SageCircle: Andrew, thank you for participating in this interview.

SageCircle: Why the change in policy?

Andrew Spender: Participating in social media represents an opportunity for Gartner analysts to evolve their means and style of personal interaction with technology users and providers, business leaders, opinion leaders, journalists and many others interested in the business of technology.

SageCircle: Will analyst blogs be considered official Gartner published research? Or will blogs more like Gartner Voice podcasts where it is clearly stated at the beginning that the podcast “does not constitute published Gartner research”?

Blog posts represent the personal opinion of the Gartner analyst. As such, they do not reflect Gartner official published research. They may, where applicable, refer back to published Gartner research.

SageCircle: Will analysts be encouraged to blog or is this just a personal option for individual analysts to decide?

It is up to the individual analyst to […]

Why is it that more analyst blogging is better?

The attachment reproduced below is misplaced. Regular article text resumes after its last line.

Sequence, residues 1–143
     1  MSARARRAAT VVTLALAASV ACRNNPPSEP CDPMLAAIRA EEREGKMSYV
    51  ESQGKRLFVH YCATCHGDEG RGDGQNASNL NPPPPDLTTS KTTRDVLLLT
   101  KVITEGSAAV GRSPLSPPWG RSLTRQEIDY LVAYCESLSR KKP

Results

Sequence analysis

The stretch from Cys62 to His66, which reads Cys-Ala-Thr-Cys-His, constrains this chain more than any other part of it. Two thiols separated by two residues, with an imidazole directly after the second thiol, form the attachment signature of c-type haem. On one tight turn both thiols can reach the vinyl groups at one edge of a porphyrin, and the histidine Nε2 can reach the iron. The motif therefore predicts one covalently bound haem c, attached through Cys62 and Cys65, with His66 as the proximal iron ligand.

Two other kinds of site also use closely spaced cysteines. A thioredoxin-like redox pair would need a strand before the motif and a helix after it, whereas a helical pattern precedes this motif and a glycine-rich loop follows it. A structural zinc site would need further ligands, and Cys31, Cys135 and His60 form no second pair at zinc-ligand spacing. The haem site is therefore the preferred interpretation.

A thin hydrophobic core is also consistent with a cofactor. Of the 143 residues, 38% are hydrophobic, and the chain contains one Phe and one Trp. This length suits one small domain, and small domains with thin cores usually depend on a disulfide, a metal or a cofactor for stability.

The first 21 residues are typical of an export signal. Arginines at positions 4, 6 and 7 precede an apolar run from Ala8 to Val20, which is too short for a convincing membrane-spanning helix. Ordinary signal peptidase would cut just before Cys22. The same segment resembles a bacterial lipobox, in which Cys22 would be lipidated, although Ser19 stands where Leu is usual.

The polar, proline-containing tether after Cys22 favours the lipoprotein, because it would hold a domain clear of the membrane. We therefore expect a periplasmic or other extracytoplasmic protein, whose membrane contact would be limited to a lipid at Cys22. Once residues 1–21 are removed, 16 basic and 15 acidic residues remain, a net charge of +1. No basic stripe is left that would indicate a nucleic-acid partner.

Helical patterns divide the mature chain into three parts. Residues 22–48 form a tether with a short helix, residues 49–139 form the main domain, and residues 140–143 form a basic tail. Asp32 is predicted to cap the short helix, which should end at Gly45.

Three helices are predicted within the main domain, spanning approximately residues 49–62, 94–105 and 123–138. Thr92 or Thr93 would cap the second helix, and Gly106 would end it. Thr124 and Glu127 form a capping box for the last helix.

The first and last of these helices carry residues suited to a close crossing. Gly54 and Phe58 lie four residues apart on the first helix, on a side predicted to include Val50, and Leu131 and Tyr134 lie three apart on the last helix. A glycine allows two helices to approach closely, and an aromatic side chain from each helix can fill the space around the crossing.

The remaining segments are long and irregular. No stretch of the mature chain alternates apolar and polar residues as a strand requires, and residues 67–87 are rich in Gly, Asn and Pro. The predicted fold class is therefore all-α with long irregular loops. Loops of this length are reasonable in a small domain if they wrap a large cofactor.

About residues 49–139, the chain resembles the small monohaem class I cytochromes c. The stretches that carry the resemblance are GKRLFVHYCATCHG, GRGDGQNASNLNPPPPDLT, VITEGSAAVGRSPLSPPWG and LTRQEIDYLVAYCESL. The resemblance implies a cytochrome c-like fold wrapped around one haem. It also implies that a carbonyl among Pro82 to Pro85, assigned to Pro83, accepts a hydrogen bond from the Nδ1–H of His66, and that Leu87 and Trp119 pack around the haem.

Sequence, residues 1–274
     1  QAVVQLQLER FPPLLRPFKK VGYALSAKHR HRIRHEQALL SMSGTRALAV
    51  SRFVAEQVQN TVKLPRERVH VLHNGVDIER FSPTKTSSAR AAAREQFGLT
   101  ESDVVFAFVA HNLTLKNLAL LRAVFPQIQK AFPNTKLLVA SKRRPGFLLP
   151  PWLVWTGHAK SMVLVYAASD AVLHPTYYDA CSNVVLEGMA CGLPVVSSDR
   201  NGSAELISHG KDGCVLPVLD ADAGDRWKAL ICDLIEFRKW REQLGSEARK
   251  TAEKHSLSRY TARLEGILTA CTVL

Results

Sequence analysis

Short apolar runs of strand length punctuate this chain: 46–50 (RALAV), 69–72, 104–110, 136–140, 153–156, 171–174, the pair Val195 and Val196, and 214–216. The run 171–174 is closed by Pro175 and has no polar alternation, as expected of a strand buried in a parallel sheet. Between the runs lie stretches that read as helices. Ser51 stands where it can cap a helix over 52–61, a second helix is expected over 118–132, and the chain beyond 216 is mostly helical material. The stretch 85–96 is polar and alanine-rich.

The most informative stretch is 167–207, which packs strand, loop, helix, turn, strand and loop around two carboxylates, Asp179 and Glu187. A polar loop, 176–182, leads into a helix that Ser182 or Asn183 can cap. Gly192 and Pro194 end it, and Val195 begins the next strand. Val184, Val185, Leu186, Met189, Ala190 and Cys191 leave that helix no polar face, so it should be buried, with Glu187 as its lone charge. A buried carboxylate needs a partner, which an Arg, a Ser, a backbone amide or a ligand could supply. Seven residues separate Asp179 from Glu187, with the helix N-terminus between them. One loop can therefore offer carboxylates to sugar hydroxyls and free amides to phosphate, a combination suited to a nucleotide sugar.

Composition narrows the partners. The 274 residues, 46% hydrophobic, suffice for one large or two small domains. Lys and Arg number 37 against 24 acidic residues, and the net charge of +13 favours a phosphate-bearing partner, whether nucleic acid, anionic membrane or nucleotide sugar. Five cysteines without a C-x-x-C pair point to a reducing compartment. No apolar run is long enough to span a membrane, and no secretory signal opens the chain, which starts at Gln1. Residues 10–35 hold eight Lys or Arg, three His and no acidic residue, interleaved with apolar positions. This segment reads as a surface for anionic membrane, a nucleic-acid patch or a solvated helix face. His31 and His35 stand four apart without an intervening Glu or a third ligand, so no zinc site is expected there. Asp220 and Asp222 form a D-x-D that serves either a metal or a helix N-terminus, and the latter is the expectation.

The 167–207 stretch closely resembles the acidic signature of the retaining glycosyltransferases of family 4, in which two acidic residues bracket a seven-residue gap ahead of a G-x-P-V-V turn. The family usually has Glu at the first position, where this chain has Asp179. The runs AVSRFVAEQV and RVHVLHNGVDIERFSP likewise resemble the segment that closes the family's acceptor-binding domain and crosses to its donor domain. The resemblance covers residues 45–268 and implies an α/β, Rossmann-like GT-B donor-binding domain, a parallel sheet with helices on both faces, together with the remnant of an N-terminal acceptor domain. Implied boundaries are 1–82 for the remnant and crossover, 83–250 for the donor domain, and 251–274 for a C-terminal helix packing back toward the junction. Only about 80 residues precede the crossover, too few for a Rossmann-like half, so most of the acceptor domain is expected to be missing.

This morning I got an interesting tweet from Forrester analyst John Rymer (bio, Twitter handle): 

            “@carterlusher why is more analysts blogging better?”

icon-social-media-blue.jpgJohn was responding to my reply to a comment (“Good news, Gartner is allowing analysts to blog @carterlusher will be thrilled”) by Forrester analyst Jeremiah Owyang (bio, blog, Twitter handle).  This comment pointed out Gartner analyst Gene Phifer’s (bio, blog, Twitter handle) post about how Gartner analysts are now permitted to have a personal-branded blog. I don’t know if I was thrilled, but I did say “Excellent, the more analysts blogging the better.” Thus, John’s question.

Hmm, that is a good question. My initial thought was “well of course it’s better because blogging is good.” It took me about two seconds to discard that answer as glib and dumb. The real answer is […]

Spoon feed analysts public information

This should not have been a surprise to me, but I was shocked when I first started dealing with analysts as an analyst relations (AR) professional with the number of analysts who never bothered to check my company’s public information. Yeah, it was OK that they never read the marketing content on the website. But they also never perused the quarterly financial statements even when they were basing part of their analysis on the financial strength of my employer and very visibility stating the “facts.” Here is an example.